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With the newer generation of console systems coming into the market, you should be able to pick up a copy of Ratatouille for the PS2 at a fairly good price — an even better price if you purchase a used copy — and that's a wonderful thing. I would definitely recommend this title for any of the younger gamers in your household, provided that they have a fair modicum of patience to deal with its little quirks and difficulties. Hollywood, pay close attention: Ratatouille does a lot of things right.
The only rat you’d ever want to have in your home. Ratatouille is an enjoyable action/adventure rendition of the current number-one film in America (and the most entertaining comedy of the year). Rent it for quick fun; buy it for the lasting replay value.
Ultimately, while Ratatouille doesn't absolutely offend the gaming palette, its frustrating boss races and dodgy environment camera do occasionally leave a bad taste in the mouth. Helping Remy and the young Linguini to rekindle the mouth-watering magic of Gusteau's restaurant will arrive as a thoroughly solid distraction for most young gamers, although the more hardcore player would be advised to look elsewhere for their challenge and thrills.
The label "kid's game" is usually a license for a publisher to make a poor product and shove it out the door. However, Ratatouille is for the most part a well-made, but basic platformer that is usually fun despite its lack or originality. I don't think younger players will mind that the majority of the gameplay types included in the project have been done before. They will undoubtedly enjoy this game because it capitalizes on the license, it's easily picked up and mastered and because it offers a single-player mode that flows along, not to mention a selection of multiplayer mini-games to back it up. The GCN version is uglier than its counterparts, thanks in large to blurrier textures. While it runs in 16:9 as an option, it doesn't support progressive-scan.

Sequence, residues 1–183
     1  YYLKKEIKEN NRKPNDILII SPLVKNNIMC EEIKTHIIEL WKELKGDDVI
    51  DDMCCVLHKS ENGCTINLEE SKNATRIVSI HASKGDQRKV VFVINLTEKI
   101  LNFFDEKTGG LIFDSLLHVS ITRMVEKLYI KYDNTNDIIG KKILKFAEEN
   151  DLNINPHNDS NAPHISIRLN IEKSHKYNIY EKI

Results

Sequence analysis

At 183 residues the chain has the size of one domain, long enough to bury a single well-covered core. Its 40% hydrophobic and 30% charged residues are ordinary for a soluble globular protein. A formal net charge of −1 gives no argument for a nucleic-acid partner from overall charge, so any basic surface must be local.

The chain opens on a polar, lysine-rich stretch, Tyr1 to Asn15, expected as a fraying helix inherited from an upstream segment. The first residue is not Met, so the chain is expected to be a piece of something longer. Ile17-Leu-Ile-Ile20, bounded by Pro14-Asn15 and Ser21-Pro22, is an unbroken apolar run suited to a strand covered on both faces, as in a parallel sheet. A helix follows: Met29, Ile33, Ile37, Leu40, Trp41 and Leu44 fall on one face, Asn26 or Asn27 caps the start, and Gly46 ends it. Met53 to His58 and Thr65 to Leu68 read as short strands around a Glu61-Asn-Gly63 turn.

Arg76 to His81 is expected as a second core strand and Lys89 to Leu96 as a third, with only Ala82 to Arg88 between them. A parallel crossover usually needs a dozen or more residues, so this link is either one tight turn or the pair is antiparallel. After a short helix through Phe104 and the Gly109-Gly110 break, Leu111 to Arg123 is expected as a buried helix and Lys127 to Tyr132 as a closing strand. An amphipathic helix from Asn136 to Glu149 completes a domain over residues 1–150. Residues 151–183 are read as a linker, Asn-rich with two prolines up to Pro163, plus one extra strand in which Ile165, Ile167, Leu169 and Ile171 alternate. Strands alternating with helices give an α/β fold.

And that's the thing about Ratatouille—everything it does is done well enough to function, but never beyond that. It's edible without ever being especially tasty. It's the sort of game that will satisfy a younger fan of the film for a few lazy afternoon hours, and then be forgotten about immediately afterward. It's hard to justify paying between $40 and $50 for any version of such an ultimately disposable game (the PC version is, at least, going for $20), but if your kid is desperate to relive Remy's adventures for him or herself, Ratatouille isn't a bad game to rent. And if you're old enough to feel embarrassed whining to your parents about buying you a game based on an animated film, you're officially too old for Ratatouille, and should just skip it altogether.
Cette ratatouille est faite selon les règles et passera sans doute facilement dans le gosier des plus jeunes. Sans chercher à innover, le soft livre une prestation correcte qui séduira sans doute les amateurs de plates-formes ainsi que les joueurs réceptifs à l'univers du film. Cela n'empêche pas le titre de trimballer quelques problèmes dont une difficulté mal dosée pouvant entraîner de la frustration lors de certaines séquences.
Ratatouille is (groan) yet another movie tie-in in a long list of recent games passed my way for review [Sorry! - Ed.]. Unfortunately, a hit movie doesn’t exactly mean a good game – in fact, the reverse seems true more often than not. When all is said and done, Ratatouille barely makes the cut. While it should prove enjoyable enough for rabid fans of the movie, for those of us who don’t care for this sort of thing, the proceedings really seem to drag on and on.
It’s largely a rote recycling of the film, and, although it does feature real voiceovers from the cast, it does little to expand the experience. You may not own Ratatouille, but trust me – in a way, you’ve already played it. Almost nothing here is new or unique – it’s the same old jumping, climbing, and collecting various widgets that we’ve all been doing over and over for what seems like forever.